Diamond in the Rough

The M/V Diamond in Haiti

While the Surveyor was a huge help to the Sub Sea Research crew, they knew they needed a larger ship to take them to places outside of New England. It was September 2001 and the crew had aspirations of traveling back to Haiti, and to a site in Key West, Florida known as the Dragonfly Wreck. My father Greg Brooks found a 105 foot ship for sale out of Chesapeake Bay. He called first thing on September 11th, 2001 to place an offer for $50,000 for the ship. The seller laughed, telling him they had already turned down an offer for $200,000 and so he would have to go higher than that. My dad told him that his offer still stood. While they were on the phone, the 9/11 tragedy occurred. For the time being, the deal was forgotten as everyone struggled to process the horrible thing that had happened.

The next day, the seller called my dad back to tell him they would accept his offer. The world seemed to be in turmoil then, and no one was sure if the country would be at war or what was going to happen. The seller just wanted to be rid of the boat, and my dad’s was the only offer standing at that point in time. A few days later, some of the crew went down to Chesapeake Bay to pick up the ship. They could see the smoke from the towers as they drove by and said it was an extremely eerie and sobering sight.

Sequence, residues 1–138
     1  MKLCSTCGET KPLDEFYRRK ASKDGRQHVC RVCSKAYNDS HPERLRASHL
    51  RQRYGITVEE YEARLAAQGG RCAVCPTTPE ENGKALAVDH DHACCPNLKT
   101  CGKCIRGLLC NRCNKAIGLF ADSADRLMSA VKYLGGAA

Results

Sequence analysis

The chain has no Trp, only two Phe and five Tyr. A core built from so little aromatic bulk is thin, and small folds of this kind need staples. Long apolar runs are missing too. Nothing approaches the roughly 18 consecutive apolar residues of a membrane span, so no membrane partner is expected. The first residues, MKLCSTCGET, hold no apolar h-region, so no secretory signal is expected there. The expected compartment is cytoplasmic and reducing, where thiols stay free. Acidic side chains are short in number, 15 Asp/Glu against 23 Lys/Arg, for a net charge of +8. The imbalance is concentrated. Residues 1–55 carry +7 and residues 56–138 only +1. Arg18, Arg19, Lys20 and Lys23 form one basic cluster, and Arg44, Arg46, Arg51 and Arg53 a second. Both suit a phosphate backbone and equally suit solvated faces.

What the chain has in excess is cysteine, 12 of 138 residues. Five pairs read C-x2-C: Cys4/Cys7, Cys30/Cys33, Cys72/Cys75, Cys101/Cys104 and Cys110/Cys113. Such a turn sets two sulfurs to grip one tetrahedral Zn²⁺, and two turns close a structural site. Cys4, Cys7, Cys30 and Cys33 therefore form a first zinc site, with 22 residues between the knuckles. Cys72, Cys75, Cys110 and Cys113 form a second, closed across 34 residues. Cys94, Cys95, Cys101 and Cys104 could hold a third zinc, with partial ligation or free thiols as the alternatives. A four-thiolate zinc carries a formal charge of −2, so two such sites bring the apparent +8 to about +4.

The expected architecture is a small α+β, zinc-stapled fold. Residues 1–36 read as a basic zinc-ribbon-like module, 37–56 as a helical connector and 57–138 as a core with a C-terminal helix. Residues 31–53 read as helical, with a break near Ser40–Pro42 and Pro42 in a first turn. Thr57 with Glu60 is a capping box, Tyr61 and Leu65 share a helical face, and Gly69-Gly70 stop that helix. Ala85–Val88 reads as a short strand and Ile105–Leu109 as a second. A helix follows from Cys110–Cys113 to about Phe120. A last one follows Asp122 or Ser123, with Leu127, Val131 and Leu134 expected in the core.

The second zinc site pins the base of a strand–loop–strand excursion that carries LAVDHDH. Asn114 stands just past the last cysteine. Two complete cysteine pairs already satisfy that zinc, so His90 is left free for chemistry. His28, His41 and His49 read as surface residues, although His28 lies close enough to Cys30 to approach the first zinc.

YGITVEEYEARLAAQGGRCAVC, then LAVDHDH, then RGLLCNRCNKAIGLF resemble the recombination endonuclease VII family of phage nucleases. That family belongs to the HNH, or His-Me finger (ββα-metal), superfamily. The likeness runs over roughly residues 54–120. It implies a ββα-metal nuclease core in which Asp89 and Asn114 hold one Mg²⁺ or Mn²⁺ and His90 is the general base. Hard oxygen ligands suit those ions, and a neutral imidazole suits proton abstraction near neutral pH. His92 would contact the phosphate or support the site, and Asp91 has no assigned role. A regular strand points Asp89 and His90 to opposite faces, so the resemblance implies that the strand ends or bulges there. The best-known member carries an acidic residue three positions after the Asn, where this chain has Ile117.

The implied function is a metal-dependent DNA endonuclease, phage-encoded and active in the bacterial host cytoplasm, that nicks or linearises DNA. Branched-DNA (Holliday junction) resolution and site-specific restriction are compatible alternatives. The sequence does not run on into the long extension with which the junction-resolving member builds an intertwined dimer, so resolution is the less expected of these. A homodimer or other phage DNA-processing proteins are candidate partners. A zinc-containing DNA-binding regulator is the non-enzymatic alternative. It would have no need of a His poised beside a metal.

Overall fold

When they arrived at the ship, they discovered that she definitely had some issues, but it was nothing they couldn’t fix. As they were sailing the ship back, they realized there was a hole in the hull and it was taking on water. They found a shipyard nearby and $45,000 later the hole was fixed. They were able to sail it back to Maine, but as soon as they got it into the harbor the engines died. The 65′ ship, Surveyor, was hooked up to the new 105′ ship, and it had to tug it into the marina. My dad was nervous as he could barely see while steering the Surveyor because the other ship was so large, and he didn’t have any experience operating tugboats. The marina’s security was up because of 9/11, and the Coast Guard didn’t even notice the large ship enter the area. The next day they were shocked to see it sitting there. The Surveyor had done her job!

The new ship was fixed up, redone and christened the M/V Diamond. This was the largest ship that the crew had ever operated and owned, and everyone was excited at the opportunities this would open up to them. This was also the only ship the company would ever own that didn’t have a name starting with ‘S’. From the beginning the Diamond was a special ship, and it would bring the crew on many exciting and unique journeys, that was for sure.

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